Home' Australian Ageing Agenda : AAA Mar-Apl 2016 Contents Having worked with Melbourne's elderly
homeless as a social worker for
three years, Bryan Lipmann founded
Wintringham Specialist Aged Care in
1989 to get the city's homeless seniors
the support he thought they deserved.
In those early years, Lipmann was the
organisation's only employee and he remains as CEO
today. Wintringham is now the largest provider of aged care
services for homeless people in the country and has a turnover of
$40 million a year.
The organisation has a staff of 600, six aged care facilities, 700
aged care packages, about 600 houses and several outreach services,
all serving Victorians who are homeless or at risk of homelessness.
Wintringham facilities are different from other aged care facilities,
says Lipmann, mainly because they are communities of people who
don't have family or friends and the staff who fill those roles.
The aim is that they live in their community with the same
rights, responsibilities and ownership that the rest of us do, he says.
Wintringham is a provider of housing first and foremost, says
Lipmann, into which they provide care, and it's the housing
that residents appreciate the most. Like the organisation,
Wintringham's residential facilities are named after its clients, or
"our guys" as Lipmann refers to them. "It keeps us rooted in the
vision in what we try to create," he says.
That vision is based firmly around social justice.
"We are a social justice company, an empowerment company.
These guys are empowered and so are our staff. Because there
is so little family involvement, the staff get more involved than
perhaps they would in ordinary circumstances and we encourage
that," he says.
While annual staff turnover for much of the sector is around
25 per cent, it has been just 7 per cent at Wintringham during the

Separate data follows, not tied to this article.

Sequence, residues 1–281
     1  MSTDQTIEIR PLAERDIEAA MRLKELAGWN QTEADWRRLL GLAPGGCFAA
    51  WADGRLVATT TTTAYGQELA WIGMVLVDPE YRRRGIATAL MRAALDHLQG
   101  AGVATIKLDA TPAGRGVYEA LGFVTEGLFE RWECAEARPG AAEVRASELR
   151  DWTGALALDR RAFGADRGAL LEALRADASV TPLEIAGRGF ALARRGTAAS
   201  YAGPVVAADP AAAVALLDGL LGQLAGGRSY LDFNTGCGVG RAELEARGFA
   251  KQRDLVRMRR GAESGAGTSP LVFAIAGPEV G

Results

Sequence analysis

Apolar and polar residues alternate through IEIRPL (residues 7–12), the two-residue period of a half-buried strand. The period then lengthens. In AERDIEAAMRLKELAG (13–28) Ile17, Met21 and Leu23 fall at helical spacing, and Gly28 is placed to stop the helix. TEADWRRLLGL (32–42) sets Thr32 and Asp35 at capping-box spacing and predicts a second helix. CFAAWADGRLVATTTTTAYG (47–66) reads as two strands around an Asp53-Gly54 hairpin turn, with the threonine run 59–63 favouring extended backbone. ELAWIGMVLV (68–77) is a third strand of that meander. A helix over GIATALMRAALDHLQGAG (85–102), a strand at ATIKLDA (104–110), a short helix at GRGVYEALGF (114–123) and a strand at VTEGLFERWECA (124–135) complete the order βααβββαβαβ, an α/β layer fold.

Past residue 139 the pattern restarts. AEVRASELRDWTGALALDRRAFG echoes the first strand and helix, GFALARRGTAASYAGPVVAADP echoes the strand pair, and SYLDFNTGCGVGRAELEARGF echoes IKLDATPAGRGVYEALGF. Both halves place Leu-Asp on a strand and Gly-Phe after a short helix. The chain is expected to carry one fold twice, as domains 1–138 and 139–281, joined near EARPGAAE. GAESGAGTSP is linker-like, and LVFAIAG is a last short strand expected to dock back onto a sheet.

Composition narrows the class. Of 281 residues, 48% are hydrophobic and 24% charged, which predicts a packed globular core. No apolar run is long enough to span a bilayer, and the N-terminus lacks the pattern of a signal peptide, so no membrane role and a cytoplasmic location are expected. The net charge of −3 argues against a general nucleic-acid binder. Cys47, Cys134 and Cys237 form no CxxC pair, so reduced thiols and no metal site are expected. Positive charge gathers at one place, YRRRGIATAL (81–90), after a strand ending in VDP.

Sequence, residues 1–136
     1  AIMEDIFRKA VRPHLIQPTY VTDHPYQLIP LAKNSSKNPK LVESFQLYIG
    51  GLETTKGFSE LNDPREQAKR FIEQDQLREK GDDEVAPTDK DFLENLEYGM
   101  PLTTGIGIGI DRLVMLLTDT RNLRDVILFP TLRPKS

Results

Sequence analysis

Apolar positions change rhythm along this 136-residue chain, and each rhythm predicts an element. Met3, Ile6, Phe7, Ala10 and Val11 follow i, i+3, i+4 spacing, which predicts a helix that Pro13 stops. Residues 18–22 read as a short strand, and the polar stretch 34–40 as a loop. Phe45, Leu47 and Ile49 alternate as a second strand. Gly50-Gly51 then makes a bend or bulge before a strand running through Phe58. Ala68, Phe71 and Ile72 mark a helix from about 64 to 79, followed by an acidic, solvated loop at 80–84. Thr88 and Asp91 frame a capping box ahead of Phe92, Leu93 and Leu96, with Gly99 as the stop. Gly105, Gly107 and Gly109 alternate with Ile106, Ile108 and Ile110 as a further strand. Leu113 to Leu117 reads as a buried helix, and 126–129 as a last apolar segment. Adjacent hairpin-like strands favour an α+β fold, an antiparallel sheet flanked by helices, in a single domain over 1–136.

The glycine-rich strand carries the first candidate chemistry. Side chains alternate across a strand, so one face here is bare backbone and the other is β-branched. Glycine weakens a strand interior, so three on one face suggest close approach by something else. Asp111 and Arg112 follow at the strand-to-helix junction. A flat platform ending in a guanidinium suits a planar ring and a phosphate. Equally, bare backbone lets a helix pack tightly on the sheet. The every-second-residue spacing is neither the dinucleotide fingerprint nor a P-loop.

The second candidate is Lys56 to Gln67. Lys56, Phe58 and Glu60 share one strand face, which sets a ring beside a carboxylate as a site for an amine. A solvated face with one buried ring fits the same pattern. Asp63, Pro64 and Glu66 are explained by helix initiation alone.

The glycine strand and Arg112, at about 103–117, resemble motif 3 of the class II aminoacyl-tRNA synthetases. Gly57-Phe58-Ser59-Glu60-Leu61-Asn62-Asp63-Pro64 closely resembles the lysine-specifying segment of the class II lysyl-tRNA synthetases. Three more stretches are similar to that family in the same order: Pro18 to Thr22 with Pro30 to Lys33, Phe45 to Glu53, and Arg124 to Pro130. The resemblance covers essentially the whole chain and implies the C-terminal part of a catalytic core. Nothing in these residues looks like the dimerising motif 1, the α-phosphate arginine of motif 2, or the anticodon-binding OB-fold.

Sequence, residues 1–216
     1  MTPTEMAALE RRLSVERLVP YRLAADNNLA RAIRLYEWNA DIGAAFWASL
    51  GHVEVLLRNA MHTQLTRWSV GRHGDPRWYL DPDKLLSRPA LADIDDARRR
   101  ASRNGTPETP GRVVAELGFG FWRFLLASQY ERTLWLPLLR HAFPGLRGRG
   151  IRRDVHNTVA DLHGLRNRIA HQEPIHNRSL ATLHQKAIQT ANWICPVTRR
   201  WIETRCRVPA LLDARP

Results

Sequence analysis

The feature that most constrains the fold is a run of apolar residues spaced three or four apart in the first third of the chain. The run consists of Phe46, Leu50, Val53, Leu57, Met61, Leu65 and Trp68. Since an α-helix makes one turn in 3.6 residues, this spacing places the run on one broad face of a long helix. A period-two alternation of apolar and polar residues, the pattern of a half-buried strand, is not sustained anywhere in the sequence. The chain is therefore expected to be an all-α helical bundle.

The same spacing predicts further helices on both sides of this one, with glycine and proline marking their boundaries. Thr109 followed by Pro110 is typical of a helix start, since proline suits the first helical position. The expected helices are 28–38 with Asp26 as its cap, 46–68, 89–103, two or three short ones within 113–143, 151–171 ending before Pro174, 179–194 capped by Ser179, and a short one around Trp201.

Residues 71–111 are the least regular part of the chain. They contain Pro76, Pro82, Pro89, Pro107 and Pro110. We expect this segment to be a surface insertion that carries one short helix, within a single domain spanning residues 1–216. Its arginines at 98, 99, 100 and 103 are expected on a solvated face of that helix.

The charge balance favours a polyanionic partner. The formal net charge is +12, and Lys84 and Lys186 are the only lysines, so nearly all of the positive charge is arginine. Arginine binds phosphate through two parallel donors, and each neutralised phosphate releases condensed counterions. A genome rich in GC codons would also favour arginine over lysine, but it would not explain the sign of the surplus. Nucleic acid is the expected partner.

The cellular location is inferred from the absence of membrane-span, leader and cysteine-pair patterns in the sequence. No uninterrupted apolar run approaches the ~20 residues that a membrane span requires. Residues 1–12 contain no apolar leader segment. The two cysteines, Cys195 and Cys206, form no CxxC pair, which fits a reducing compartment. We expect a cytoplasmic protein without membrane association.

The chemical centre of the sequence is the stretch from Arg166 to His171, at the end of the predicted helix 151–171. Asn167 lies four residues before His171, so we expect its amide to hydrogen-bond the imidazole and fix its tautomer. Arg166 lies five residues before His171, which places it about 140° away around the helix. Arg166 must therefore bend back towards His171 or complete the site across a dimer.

past two years, Lipmann says. He attributes this to the dedicated
employees who put the needs of homeless people above their own.
"I am a great believer that staff in aged care are all pretty well
like that. It is the management style and culture within a lot of
the organisations that prevents staff from reaching their potential
and involving themselves with their clients as much as they want
to, because of issues with risk management or understaffing."
Lipmann has also been vocal in his despair that aged care
peaks and most of the sector is not interested in homelessness. He
suggests they "honour their charter" to better embrace the elderly
homeless and organisations like Wintringham, and particularly
those organisations claiming social justice philosophies.
"If aged care providers get tax concessions to deliver services
to people that the for-profits can't afford to deliver, they should
be earning that. Wintringham should never have had to get
started... Now we get referrals from the aged care industry
themselves for difficult clients ... I have given up trying to work
out why these things happen."
When Lipmann set up the organisation in 1989 under the then
Minister for Housing and Aged Care Peter Staples, he succeeded
in having the existence of premature ageing in homelessness
recognised, which meant they were able to offer services to
homeless people aged 50 and above.
Lipmann's advocacy has contributed to other major changes in
aged care policy including homeless older people being made a special
needs category under the Aged Care Act 1997, which came after
Commonwealth Government's 2008 whitepaper on homelessness.
That amendment ensured special recognition for the first time
of elderly homeless people and their ongoing inclusion in the
planning process. At the time, it was also supported by new aged
care places and capital funding for four new specialist facilities.
Lipmann describes this amendment as "huge" and it came
after more than a decade of lobbying efforts.
Lipmann says having appropriate aged care supports for
homeless elderly people is very significant and not something is
seen in other countries.
He gives credit to the Commonwealth bureaucrats for "all the
terrific support" and help to "facilitate flexibility in the way the
program is administered".
After three decades spent
housing, supporting and
advocating for homeless
older people, Bryan
Lipmann says he still
has much work to do,
writes Natasha Egan.
24 | MARCH -- APRIL 2016 | AAA
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